- I have no objections to people preferring different licenses.
- I too sometimes use different licenses for different code
All licenses have their places and purposes. Use one that suits you.

Quote:
Quote:
Any later version
Anyone who has been annoyed by unilateral modifications to an EULA (Facebook, MoviePass, etc...) will understand the negative implications of this clause. Nothing stops the FSF from adding/changing clauses in v4.x+ that are against everything you stand for.

And nothing stops you from dropping that "any later version" clause if you don't trust FSF enough.

Quote:
Quote:
No dynamic linking
GPL and AGPL code cannot be dynamically linked with a proprietary library, module or executable or even code with an incompatible license. This may be unacceptable where "intellectual property" is involved. This prevents GPL projects from being part of multicall binaries which are useful in the future of containers where multiple incompatibly licensed binaries are needed for full, proper usage.

Let's be clear: technically - linking is not a problem. Legally, this is only a problem if one plans not to adhere to one of the licenses' requirements.

Quote:
Quote:
No static linking
GPL, AGPL and LGPL code cannot be statically linked with incompatible code. This is a problem for making the smallest possible containers for snaps, flatpaks, etc...
Same as above.

Quote:
Quote:
Incompatible with other licenses
GPL, AGPL and LGPL code is incompatible with many proprietary and even open source licenses.

Indeed, and this "incompatibility" (especially with proprietary license) is by design. Everyone writes and publish code with an objective in mind. They then choose a license that meets their objective. Sometimes "being incompatible" is one of the objectives.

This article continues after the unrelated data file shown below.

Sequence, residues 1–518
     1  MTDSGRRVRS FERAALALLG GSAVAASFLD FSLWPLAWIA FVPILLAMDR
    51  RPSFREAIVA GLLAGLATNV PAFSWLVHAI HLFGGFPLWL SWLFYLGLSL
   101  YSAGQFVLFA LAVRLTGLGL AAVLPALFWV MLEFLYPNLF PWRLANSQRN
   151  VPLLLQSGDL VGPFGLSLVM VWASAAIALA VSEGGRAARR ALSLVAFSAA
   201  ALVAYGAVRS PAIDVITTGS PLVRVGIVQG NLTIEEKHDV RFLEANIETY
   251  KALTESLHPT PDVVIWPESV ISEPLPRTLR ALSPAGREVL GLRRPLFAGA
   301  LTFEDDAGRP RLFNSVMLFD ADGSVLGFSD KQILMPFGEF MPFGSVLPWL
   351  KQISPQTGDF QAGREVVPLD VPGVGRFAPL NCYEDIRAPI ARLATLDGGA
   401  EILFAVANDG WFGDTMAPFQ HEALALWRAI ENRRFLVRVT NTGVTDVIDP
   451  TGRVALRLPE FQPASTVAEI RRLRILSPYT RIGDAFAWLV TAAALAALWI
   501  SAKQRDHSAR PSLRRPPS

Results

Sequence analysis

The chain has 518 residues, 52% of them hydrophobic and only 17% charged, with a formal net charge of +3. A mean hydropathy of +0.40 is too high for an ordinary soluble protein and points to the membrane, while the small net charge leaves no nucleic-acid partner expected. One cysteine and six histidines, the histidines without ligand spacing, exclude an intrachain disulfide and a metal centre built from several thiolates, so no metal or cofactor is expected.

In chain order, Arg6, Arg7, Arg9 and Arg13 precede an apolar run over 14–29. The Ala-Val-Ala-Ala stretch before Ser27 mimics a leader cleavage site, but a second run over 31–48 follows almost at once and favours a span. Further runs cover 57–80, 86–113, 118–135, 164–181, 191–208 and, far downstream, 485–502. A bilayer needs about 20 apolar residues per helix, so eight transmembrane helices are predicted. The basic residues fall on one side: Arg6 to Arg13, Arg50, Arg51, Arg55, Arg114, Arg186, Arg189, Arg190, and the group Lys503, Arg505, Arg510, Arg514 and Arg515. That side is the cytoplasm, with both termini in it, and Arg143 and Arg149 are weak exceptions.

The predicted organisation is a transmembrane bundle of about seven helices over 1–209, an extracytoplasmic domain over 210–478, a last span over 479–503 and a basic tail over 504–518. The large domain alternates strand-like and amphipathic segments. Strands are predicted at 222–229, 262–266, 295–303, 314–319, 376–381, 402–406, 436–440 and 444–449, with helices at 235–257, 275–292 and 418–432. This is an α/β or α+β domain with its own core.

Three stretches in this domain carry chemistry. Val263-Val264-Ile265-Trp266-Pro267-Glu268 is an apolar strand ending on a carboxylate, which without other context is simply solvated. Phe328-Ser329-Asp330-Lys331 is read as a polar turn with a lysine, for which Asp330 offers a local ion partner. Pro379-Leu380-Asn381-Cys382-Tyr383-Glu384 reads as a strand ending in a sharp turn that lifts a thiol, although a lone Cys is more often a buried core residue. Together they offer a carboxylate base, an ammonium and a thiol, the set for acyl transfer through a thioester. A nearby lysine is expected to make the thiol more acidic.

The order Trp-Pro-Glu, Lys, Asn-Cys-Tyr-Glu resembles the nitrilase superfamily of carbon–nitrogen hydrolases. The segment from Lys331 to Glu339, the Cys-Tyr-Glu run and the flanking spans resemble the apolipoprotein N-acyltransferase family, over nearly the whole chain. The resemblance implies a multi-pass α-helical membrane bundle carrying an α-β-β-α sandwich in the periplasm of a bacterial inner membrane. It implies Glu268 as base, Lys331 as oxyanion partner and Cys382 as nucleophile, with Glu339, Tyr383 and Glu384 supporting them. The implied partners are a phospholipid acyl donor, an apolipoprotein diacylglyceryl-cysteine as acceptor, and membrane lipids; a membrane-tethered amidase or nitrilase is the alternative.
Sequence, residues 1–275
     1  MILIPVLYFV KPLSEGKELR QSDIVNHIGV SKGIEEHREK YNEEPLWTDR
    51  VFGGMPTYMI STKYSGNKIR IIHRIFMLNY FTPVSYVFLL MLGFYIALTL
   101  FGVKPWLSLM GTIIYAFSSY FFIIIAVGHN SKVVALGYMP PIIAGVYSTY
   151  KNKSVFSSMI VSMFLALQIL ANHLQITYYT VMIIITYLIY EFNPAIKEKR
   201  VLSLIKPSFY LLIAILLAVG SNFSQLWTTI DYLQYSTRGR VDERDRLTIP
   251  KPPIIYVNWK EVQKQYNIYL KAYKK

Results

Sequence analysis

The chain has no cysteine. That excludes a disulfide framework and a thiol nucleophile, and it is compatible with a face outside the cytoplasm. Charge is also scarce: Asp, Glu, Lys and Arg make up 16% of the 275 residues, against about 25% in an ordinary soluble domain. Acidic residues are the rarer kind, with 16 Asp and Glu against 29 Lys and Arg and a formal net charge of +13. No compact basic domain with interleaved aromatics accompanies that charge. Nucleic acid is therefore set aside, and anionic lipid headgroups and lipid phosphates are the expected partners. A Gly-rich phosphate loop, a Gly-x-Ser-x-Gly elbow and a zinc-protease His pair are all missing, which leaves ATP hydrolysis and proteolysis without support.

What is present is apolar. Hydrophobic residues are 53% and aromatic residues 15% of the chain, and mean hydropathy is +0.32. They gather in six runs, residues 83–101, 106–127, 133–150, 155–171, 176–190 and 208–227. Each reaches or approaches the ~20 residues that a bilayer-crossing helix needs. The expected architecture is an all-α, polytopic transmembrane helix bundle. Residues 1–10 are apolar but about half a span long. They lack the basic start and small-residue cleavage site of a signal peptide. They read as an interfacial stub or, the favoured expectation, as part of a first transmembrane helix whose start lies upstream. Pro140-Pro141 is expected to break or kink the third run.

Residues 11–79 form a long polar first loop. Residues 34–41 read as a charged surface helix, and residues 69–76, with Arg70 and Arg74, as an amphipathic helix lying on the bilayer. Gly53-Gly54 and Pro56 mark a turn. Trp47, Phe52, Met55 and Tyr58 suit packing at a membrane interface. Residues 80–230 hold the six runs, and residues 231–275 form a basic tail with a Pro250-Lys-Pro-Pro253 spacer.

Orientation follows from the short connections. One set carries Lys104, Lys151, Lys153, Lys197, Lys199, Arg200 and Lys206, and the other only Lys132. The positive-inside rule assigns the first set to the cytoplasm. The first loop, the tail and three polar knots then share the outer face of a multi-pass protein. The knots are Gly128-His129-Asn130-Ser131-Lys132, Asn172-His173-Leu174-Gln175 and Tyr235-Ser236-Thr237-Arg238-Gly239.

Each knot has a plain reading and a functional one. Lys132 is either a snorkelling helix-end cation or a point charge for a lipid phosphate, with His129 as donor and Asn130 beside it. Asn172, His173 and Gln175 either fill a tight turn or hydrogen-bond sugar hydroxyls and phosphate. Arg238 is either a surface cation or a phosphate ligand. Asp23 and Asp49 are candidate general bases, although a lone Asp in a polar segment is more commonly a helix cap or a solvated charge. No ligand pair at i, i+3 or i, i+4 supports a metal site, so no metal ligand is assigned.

Quote:
This limits the ability to use available resources and requires duplication of effort.

Sometimes, "duplication of effort" is not in one's mind when one starts to write code or publish it. Many open-source projects are started as a "replacement" for closed-source programs. One can argue that to "reduce duplication of efforts" all those closed-source programs should be opened instead. Do we see that happening?

Quote:
Quote:
Developer aversion
Many open source developers (myself included) detest the GPL and will refuse to contribute to any project using it.

Yes, too bad. Fortunately there are still many developers who will gladly contribute to GPL projects.

Quote:
Additionally, many companies (including Google) prohibit/limit the use of GPL code; thus restricting their developers from contributing.
So be it. There is no guarantee that those companies will ever contribute anything to your code anyway. There are many different personal motivations for code contribution, but companies' motivation is almost always the "bottom line" - either to increase profit or reduce cost. If contributing to open source doesn't help that, rest assured it will stop. Immediately.

Quote:
Quote:
Tivoization
In an attempt to prevent vendors from releasing devices that could not be updated with user modified GPL code, the FSF added the infamous "tivoization clause". This prevented those would be vendors from contributing to GPL projects, and made v3+ code incompatible with cheap ROM and open source hardware projects (except FPGA and software defined radio) This means that a startup RISC-V SoC vendor cannot use a port of a GPL3 AV1 decoder in their chip or even embed a GPL3 font in its on-chip ROM.

Incorrect. GPL3 demands ability to modify the devices, where such ability to modify exist. In case of devices that don't support modifications at all, then GPL3 doesn't require such capability to be implemented. In other words, GPL3 only demands that if the manufacturer can "update" the firmware, then the public should be allowed to do the same.

I don't know how many people remember Tivo (the original reason behind "tivoization"), but the problem it is supposed to prevent is so prevalent today: just look at the great difficulties that people have to face in order to be able to load a custom firmware to their own smartphones today.

Anyway, if you really don't like tivoization clause, you can always add an exception to the license.

Quote:
There are plenty of other arguments against the GPL including its extensive legalese

- This is true of GPLv3, but only because the legal language is complex.
- And still, one can choose to continue with the simpler GPLv2.

Quote:
being "viral"

'GPL being "viral"' is the meme that was started by Microsoft. Are we in bed with Microsoft now? What exactly does "viral" means? Let's not use a term which has loaded meaning.

Quote:
the FSF itself
I understand some people have problems with FSF. But using a license (GPL or otherwise) has nothing to do with FSF.